An Afghan schoolgirl reads from her notebook as another unpacks her school bag inside a house in Kabul, on March 23, 2022. Image Credit: REUTERS

Kabul: The Taliban on Wednesday backtracked on their announcement that high schools would open for girls, saying they would remain closed until a plan was drawn up in accordance with Islamic law for them to reopen.

Teachers and students from three high schools around the capital Kabul said girls had returned in excitement to campuses on Wednesday morning, but were ordered to go home. They said many students left in tears.

“We all got disappointed and we all became totally hopeless when the principal told us, she was also crying,” said a student, not being named for security reasons.

The last time the Taliban ruled Afghanistan, from 1996 to 2001, they banned female education and most employment.

The international community has made the education of girls a key demand for any future recognition of the Taliban administration, which took over the country in August as foreign forces withdrew. The United Nations and United States condemend the reported closures on Wednesday.

The Ministry of Education had announced last week that schools for all students, including girls, would open around the country on Wednesday after months of restrictions on education for high school-aged girls.

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On Tuesday evening a Ministry of Education spokesman released a video congratulating all students on their returning to class.

However on Wednesday a Ministry of Education notice said schools for girls would be closed until a plan was drawn up in accordance with Islamic law and Afghan culture, according to Bakhtar News, a government news agency.

“We inform all girls high schools and those schools that are having female students above class six that they are off until the next order,” said the notice.

The country’s ministry of education spokesman did not respond to calls and messages seeking comment. A Taliban administration source confirmed to Reuters that schools for girls in Kabul would be closed for now, without elaborating.

The Taliban is seeking to run the country according to its interpretation of Islamic law while at the same time accessing billions of dollars in aid that it desperately needs to stave off widespread poverty and hunger.

“The UN in Afghanistan deplores today’s reported announcement by the Taliban that they are further extending their indefinite ban on female students above the 6th grade being permitted to return school,” the United Nations’ Mission to Afghanistan (UNAMA) said in a statement.

The US Charge dAffaires for Afghanistan, Ian McCary, currently based in Qatar, said in a tweet that he was deeply troubled by the reports.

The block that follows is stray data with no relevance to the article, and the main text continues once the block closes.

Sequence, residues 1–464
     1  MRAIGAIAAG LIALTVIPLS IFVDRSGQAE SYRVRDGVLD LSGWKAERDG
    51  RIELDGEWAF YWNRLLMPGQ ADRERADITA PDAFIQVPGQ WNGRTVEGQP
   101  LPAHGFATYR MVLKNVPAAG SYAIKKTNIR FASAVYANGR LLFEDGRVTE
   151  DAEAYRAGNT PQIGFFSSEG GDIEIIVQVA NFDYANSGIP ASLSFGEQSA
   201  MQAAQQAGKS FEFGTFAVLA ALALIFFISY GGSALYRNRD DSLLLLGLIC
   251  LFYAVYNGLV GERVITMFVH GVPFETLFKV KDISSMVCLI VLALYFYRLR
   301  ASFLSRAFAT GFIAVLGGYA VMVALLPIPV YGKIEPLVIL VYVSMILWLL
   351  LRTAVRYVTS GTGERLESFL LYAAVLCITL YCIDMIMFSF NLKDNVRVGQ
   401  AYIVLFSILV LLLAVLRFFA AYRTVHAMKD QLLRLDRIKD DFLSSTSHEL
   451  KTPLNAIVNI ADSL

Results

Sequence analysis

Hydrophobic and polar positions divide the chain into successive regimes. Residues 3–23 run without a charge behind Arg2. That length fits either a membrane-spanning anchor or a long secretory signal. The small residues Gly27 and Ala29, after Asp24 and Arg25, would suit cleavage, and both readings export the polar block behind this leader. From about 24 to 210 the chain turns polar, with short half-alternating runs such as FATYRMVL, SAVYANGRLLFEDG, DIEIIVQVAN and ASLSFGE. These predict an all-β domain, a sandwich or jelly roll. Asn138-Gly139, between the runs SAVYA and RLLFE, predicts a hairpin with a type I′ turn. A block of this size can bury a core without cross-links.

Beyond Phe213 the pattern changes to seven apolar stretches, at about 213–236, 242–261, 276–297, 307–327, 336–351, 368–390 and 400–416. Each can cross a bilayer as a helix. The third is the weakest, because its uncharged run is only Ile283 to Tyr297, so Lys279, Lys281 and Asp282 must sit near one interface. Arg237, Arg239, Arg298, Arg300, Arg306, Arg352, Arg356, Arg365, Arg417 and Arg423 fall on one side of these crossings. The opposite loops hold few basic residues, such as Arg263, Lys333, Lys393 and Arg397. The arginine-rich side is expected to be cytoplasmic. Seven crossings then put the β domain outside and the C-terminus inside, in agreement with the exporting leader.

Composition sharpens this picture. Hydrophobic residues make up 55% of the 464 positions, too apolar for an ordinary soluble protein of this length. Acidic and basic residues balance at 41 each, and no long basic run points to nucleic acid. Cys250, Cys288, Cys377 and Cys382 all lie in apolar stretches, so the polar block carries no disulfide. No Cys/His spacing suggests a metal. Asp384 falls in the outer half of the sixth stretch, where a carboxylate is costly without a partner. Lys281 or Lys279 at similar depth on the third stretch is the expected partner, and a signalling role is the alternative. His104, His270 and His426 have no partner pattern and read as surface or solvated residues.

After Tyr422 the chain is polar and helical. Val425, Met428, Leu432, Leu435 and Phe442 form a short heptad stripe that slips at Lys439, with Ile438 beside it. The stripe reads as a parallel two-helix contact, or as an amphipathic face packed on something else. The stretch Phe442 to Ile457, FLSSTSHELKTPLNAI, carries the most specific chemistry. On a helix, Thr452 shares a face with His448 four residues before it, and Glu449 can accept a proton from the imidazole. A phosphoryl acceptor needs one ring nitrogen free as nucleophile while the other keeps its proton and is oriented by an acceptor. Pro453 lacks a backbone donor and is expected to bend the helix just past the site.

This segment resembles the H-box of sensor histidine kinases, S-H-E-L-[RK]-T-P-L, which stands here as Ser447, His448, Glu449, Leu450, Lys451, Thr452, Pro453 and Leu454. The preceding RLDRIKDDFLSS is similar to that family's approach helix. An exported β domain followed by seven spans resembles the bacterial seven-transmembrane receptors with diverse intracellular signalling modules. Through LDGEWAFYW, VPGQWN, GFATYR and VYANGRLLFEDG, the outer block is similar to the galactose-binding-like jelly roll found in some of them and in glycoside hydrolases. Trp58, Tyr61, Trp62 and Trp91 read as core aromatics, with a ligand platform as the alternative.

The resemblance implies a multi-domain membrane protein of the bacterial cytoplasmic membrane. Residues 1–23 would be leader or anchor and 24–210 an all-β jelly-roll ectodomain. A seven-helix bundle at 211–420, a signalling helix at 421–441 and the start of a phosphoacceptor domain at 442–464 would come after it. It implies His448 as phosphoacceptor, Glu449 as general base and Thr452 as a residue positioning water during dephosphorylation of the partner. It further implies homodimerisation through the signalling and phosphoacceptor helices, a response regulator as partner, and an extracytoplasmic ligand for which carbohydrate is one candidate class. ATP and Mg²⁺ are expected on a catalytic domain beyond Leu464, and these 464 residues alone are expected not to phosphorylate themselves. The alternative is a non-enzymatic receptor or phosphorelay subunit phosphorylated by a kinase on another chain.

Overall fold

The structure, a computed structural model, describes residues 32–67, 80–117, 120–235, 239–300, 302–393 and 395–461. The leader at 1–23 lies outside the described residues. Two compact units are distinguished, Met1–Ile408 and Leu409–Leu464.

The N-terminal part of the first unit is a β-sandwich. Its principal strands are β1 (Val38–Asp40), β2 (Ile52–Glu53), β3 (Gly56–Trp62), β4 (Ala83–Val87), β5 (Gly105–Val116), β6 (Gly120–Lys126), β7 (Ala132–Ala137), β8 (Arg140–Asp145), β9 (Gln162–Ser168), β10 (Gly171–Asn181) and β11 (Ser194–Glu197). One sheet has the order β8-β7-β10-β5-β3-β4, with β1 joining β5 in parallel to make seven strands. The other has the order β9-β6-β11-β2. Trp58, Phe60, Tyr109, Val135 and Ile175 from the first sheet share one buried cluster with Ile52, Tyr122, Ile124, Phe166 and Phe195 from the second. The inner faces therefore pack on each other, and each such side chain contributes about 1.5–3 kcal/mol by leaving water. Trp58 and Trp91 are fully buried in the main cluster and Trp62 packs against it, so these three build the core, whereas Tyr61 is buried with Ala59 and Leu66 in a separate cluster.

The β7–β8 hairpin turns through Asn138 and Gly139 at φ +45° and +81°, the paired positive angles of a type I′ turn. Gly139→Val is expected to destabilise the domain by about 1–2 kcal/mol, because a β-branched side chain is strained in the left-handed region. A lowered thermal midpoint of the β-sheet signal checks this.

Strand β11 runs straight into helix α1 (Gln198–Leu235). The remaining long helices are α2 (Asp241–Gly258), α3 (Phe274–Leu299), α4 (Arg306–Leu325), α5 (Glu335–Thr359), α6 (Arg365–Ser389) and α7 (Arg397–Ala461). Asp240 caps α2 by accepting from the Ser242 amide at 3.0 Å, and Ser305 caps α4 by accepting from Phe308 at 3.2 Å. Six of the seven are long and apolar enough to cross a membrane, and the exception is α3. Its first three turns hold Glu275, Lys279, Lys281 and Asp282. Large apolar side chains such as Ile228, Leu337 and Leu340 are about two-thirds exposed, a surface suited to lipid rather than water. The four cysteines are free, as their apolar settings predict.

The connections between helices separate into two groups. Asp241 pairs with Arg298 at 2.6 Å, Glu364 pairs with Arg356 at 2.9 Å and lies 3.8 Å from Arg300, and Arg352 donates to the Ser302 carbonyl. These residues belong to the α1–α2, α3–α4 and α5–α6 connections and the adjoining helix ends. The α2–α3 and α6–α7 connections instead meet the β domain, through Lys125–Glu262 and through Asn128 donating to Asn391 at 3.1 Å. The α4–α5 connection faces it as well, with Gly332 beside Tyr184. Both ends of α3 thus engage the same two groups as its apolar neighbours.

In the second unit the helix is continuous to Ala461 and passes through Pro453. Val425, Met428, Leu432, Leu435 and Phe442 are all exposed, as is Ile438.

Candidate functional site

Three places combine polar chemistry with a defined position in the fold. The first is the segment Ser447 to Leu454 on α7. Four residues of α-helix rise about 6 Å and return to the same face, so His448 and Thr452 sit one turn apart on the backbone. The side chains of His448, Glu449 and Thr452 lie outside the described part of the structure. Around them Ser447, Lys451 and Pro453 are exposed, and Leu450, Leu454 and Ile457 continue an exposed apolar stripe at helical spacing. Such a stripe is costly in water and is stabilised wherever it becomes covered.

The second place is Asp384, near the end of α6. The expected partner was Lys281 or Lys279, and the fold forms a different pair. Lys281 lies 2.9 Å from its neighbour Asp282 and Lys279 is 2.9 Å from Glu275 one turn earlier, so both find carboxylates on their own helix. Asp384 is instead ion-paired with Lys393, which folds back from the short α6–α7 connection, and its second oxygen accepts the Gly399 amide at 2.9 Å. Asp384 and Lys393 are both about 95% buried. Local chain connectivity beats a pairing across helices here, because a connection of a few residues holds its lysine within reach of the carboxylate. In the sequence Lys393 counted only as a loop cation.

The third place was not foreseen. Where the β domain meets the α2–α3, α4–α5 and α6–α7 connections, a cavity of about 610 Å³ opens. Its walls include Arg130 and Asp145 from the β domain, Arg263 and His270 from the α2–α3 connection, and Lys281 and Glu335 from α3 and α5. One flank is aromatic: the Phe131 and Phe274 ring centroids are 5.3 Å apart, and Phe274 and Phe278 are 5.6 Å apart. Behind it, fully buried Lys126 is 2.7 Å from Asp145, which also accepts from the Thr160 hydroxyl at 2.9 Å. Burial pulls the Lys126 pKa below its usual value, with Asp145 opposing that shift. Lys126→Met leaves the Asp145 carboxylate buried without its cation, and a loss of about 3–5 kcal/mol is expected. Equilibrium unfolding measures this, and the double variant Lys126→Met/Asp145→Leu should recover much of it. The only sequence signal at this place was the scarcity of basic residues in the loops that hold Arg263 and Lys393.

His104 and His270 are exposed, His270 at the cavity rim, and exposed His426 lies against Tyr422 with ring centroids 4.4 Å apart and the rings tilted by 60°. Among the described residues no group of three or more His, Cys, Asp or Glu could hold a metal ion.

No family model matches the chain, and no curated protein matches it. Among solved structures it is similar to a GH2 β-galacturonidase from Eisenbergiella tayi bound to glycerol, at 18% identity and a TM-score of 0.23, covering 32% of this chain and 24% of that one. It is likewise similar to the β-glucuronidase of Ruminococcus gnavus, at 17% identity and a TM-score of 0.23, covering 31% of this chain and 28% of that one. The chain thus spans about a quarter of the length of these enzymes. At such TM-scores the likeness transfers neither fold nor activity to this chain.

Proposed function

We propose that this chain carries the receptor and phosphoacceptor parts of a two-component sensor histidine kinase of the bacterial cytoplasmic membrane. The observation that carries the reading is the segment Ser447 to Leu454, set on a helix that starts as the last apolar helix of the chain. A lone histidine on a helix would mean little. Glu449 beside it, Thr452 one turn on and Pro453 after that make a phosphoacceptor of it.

“This is very disappointing & contradicts many Taliban assurances & statements,” he said.

The UN rights chief voiced deep disappointment. “I share the profound frustration and disappointment of Afghan high school girls and women, who after six months of anticipation were prevented from returning to school today,” UN High Commissioner for Human Rights Michelle Bachelet said in a statement.

Exposed to violence

“The de facto authorities’ failure to adhere to commitments to reopen schools for girls above the sixth grade - in spite of repeated commitments towards girls’ education, including during my visit to Kabul two weeks ago - is deeply damaging for Afghanistan,” she said.

The UN rights chief warned that “the denial of education violates the human rights of women and girls.

“Beyond their equal right to education, it leaves them more exposed to violence, poverty and exploitation.”

Bachelet stressed that “this is of grave concern at a time when the country desperately needs to overcome multiple intersecting crises.

“Disempowering half of Afghanistan’s population is counterproductive and unjust,” she added.

“Structural discrimination such as this is also deeply damaging for the country’s prospects of future recovery and development.”

Bachelet said the women she had met during her visit to Kabul had told her “they have information, solutions and the capability to help chart a way out of this economic, humanitarian and human rights crisis in Afghanistan.

“They insisted upon the equal right to quality education at the primary, secondary and tertiary levels and were hopefully awaiting the reopening of schools today.

“I call on the de facto authorities to respect all girls’ rights to education and to open schools for all students without discrimination or further delay.”